We anticipate a record-setting season for online sales of school products this year as nobody will want (or even be able) to stand in long lines due to the coronavirus. With 41% of consumers replacing in-store shopping with online, and a forecast 18% overall eCommerce jump in 2020, it’s extremely likely that these trends will heavily affect back to school promotions.
So expect fierce competition this year for consumers’ back to school dollars, and look forward to unpredictable demand cycles as schools across the country open at very different times, depending on local COVID-19 conditions and government policies.
In fact, the timing of the back to school surge is difficult to estimate. Some parents will only buy last minute supplies once official return-to-class announcements are made, while others will want to buy early and take advantage of discounts (and avoid stock outs due to shortages in Chinese made goods).
But one thing is certain – because of the surge in traffic and the intense competition, traffic hijackers will be out in full force to redirect shoppers to other promotions.
Where will school shoppers spend their cash?
We took a look back at our customer web session data to see which verticals experienced the biggest increases in online sales leading up to the start of the 2019 school year.
Looking at eCommerce sales from June 15-August 31 vs. May 1-June 14, apparel and fashion retailers indeed saw conversions nearly double, rising by 97.25%. But this was eclipsed by online electronics sales, who saw conversions spike by 100.63%. Online marketplaces and footwear retailers also made huge gains in online sales last summer.
Apparel and electronics also led the way in back-to-school purchases last year according to a survey by Deloitte. Pricing was found to be the most important consideration for back-to-school shoppers, while product features and convenience are of almost equal importance, while their perception of the retail brand comes last. Because back to school shoppers are looking for deals and are less loyal to any one particular brand, online retailers will be investing in promotions, coupons, and back to school offers to attract shoppers. But they also need to keep the attention of any shoppers that come their way through every means at their disposal, like special web pages that are created along with new product categories.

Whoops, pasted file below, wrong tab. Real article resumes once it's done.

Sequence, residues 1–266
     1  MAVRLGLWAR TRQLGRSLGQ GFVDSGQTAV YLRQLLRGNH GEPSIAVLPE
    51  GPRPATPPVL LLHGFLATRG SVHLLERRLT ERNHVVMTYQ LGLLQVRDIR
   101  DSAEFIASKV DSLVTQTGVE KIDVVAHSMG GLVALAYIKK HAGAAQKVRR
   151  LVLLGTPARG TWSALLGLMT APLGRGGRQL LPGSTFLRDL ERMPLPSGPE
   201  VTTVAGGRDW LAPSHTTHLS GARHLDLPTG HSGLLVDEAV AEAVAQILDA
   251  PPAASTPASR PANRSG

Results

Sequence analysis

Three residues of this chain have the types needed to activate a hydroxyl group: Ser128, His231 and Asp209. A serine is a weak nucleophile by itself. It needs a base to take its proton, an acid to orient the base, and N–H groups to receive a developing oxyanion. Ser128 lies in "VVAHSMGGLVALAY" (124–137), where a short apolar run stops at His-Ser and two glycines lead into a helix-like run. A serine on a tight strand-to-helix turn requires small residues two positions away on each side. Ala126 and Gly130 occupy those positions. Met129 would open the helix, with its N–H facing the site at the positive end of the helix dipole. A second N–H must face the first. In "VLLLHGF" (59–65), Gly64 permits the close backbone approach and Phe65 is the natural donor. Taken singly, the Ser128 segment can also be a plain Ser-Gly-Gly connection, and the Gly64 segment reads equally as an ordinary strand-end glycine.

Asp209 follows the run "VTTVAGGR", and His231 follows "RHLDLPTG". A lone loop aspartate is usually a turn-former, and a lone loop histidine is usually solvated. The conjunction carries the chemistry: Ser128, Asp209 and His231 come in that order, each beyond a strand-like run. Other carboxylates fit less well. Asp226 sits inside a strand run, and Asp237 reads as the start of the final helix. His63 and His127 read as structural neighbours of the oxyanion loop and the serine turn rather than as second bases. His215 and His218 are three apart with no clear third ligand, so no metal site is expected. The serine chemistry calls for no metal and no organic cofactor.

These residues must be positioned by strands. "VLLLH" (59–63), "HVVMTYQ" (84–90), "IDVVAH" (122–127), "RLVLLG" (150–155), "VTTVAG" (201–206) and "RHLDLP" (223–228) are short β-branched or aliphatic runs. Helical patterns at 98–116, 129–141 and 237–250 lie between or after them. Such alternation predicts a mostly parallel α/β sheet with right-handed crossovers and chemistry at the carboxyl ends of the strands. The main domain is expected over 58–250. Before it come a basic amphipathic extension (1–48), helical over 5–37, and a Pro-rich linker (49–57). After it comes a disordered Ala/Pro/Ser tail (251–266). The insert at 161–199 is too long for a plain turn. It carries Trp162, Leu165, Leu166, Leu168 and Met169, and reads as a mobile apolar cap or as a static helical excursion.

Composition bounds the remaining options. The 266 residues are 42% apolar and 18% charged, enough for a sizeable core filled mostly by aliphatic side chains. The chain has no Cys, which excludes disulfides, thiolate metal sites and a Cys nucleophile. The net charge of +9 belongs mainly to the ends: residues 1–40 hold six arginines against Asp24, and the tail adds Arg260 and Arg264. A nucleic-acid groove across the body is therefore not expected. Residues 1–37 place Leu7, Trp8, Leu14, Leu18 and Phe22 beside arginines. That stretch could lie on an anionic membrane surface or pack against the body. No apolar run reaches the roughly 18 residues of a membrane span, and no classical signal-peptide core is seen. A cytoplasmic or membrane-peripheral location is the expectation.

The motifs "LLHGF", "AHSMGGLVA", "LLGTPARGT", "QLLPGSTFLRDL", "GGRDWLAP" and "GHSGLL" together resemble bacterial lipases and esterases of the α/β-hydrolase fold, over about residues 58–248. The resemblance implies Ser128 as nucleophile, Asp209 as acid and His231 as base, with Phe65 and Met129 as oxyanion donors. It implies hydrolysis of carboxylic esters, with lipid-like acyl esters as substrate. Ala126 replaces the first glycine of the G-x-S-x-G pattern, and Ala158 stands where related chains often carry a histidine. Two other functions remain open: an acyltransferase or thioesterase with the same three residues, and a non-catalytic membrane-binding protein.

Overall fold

Yet even these measures might not be enough. With the anticipation of intense competition, it is a certainty that traffic hijackers will rely on plenty of lower-priced promotions to boost their revenue – and they can show their lower prices to your target customers when they visit your website.
The Cole’s notes on Customer Journey Hijacking
Traffic hijackers use ad injections to interrupt the shopping sessions of your potential customers with unauthorized product recommendations, pop-ups, and banners that appear on your eCommerce pages. These ads are injected into consumer browsers — as a result enterprises can neither detect nor stop these invasive disruptions.
The goal of Customer Journey Hijacking is to divert the traffic that you have earned to other sites so that traffic hijackers can profit via ad click revenue. Hijacking does serious damage to your bottom line – approximately 20% of all customer journeys are disrupted by unauthorized ads, which lower conversion rates by up to 5%.
Getting an Easy ‘A’ with your eCommerce customers
Namogoo’s Customer Journey Hijacking prevention solution is fast to implement, requires virtually no setup time or maintenance, and starts to work immediately at blocking ad injections — and keeping customers on your eCommerce site. Our solution features a rapid and significant ROI as undistracted shoppers follow the intended purchase path through your website and make a buy, which boosts conversion rates by 1.5-5%.
To support online retailers, we are offering our solution at no cost for the COVID-19 crisis period.
Prepare today for the upcoming shopping season by getting in touch with Namogoo and ridding your eCommerce site of Customer Journey Hijacking, before it spoils your back-to-school sales efforts.